Plaintiffs do not dispute that they entered a valid written agreement to arbitrate certain disputes. However, Plaintiffs contest whether the Arbitration Clause encompasses their claims. Defendants advance two arguments in response. First, they contend that the Arbitration Clause requires the question of arbitrability to be decided by an arbitrator. Second, they contend that Plaintiffs' claims in the Fraud Action and the Uruguayan Conciliation Proceeding must be arbitrated because their viability necessitates construction of the Release, and because the Arbitration Clause applies to any dispute "arising out of or in connection with" the Agreement.*fn5

I. Arbitration

When a party to a litigation raises the specter of arbitration, the parties' dispute over the merits temporarily yields to two threshold issues: (1) whether the claims should be resolved in arbitration; and (2) who should decide whether arbitration is the proper forum -- a court or the arbitral tribunal itself. See First Options of Chi., Inc. v. Kaplan, 514 U.S. 938, 942 (1995); see also Cap Gemini Ernst & Young, U.S., L.L.C. v. Nackel, 346 F.3d 360, 365 (2d Cir. 2003) ("[P]rior to compelling arbitration, the district court must first determine . . . [whether] the parties' dispute falls within the scope of the arbitration agreement."); Sands Bros. & Co. v. Alba Perez Ttee Catalina Garcia Revocable Trust, No. 04 Civ. 0005 (JFK), 2004 WL 2186574, at *3 (S.D.N.Y. Sept. 28, 2004) ("The Court must first determine the threshold question of who decides whether the claim is arbitrable -- the Court or the arbitrator.").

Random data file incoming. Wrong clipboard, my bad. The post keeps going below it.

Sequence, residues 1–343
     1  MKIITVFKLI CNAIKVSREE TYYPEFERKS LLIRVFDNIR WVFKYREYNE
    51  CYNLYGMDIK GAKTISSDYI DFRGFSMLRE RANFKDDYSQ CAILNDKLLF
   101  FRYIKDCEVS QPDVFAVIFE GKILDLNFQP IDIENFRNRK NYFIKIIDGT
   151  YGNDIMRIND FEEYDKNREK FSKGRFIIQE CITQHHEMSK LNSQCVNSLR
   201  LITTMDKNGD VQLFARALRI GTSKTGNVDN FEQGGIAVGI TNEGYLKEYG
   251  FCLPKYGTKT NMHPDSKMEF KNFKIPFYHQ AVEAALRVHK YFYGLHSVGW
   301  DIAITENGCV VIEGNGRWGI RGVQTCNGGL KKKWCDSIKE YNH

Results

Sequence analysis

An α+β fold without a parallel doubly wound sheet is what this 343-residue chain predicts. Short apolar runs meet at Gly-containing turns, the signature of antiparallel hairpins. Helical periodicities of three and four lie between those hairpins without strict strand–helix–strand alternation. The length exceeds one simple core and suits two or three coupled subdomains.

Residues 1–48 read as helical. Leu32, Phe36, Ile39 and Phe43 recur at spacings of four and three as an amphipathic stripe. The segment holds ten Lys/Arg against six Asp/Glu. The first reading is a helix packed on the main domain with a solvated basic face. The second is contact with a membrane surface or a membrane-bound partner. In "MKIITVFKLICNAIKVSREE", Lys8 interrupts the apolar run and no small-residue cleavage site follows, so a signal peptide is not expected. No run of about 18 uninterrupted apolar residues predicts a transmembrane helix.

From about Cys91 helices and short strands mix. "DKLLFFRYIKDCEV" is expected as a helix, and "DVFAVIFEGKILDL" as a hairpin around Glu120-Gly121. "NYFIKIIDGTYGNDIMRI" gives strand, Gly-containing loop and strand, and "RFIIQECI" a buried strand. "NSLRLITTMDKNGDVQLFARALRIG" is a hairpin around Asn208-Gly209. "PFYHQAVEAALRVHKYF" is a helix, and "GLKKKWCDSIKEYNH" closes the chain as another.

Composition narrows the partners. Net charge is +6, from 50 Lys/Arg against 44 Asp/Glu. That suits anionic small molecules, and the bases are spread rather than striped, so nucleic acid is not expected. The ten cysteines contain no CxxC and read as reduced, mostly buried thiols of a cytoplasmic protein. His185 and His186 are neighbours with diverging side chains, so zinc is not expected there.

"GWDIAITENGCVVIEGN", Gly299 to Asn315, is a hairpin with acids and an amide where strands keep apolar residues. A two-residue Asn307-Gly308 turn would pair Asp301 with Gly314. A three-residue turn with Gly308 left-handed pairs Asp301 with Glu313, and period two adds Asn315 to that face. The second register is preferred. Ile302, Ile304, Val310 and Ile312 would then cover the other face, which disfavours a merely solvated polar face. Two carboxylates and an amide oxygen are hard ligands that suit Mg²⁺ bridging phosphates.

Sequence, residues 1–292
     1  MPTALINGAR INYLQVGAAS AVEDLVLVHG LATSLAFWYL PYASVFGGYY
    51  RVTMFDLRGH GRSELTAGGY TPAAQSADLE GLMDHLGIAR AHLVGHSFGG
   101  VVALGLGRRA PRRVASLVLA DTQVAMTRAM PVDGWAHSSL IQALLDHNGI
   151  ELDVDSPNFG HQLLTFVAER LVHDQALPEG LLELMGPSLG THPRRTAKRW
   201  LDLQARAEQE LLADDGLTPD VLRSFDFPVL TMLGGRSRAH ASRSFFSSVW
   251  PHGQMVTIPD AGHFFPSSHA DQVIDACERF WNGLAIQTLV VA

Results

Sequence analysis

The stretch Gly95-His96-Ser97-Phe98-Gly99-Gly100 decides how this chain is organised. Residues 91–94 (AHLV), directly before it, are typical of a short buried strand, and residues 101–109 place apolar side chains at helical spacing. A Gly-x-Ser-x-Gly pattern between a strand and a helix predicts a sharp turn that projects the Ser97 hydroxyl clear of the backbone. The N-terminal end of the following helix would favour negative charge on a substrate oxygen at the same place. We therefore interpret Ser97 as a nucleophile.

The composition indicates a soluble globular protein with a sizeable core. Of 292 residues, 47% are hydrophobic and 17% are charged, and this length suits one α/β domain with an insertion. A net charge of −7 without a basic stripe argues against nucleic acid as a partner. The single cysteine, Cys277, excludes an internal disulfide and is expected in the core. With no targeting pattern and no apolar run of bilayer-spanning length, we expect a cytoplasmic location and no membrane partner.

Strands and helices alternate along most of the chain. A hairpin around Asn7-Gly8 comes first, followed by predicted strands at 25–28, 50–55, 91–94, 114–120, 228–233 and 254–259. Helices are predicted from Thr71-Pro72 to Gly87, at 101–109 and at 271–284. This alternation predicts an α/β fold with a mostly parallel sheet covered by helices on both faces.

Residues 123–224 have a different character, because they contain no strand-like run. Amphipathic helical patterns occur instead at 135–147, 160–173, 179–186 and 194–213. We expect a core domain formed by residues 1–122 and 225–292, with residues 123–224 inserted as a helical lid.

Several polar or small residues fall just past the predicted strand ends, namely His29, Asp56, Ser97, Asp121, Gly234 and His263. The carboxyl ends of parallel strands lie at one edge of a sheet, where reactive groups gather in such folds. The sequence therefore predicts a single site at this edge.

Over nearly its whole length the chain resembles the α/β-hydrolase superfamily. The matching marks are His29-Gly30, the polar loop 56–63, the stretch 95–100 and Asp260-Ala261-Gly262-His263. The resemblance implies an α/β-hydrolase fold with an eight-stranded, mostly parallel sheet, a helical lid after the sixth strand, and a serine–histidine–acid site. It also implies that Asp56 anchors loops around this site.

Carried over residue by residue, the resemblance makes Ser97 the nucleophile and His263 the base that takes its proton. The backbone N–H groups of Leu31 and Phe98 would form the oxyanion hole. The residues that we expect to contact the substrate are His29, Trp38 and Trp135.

Defendants' motion and Petition to compel arbitration are governed by the FAA, which provides that written agreements to arbitrate "shall be valid, irrevocable, and enforceable."

9 U.S.C. § 2. The FAA implements the strong federal policy in favor of arbitration as an alternative means of dispute resolution. See Mitsubishi Motors Corp. v. Soler Chrysler-Plymouth, Inc., 473 U.S. 614, 625 (1985); Hartford Accident & Indem. Co. v. Swiss Reinsurance Am. Corp., 246 F.3d 219, 226 (2d Cir. 2001); In re Currency Conversion Fee Antitrust Litig., 361 F. Supp. 2d 237, 248 (S.D.N.Y. 2005).

Whether an agreement to arbitrate encompasses a particular dispute is a matter of contract interpretation, to be determined in accord with applicable state law. Bell v. Cendant Corp., 293 F.3d 563, 566 (2d Cir. 2002); see United Steelworkers of Am. v. Warrior & Gulf Navigation Co., 363 U.S. 574, 582 (1960) ("[A]rbitration is a matter of contract and a party cannot be required to submit to arbitration any dispute which he has not agreed so to submit."). "[A]ny doubts concerning the scope of arbitrable issues should be resolved in favor of arbitration." Moses H. Cone Mem'l Hosp. v. Mercury Constr. Corp., 460 U.S. 1, 24-25 (1983); accord Chelsea Square Textiles, Inc. v. Bombay Dyeing & Mfg. Co., 189 F.3d 289, 294 (2d Cir. 1999). This presumption "applies with special force in the field of international commerce." Mitsubishi Motors, 473 U.S. at 631; accord Smoothline Ltd. v. N. Am. Foreign Trading Corp., 249 F.3d 147, 153 (2d Cir. 2001).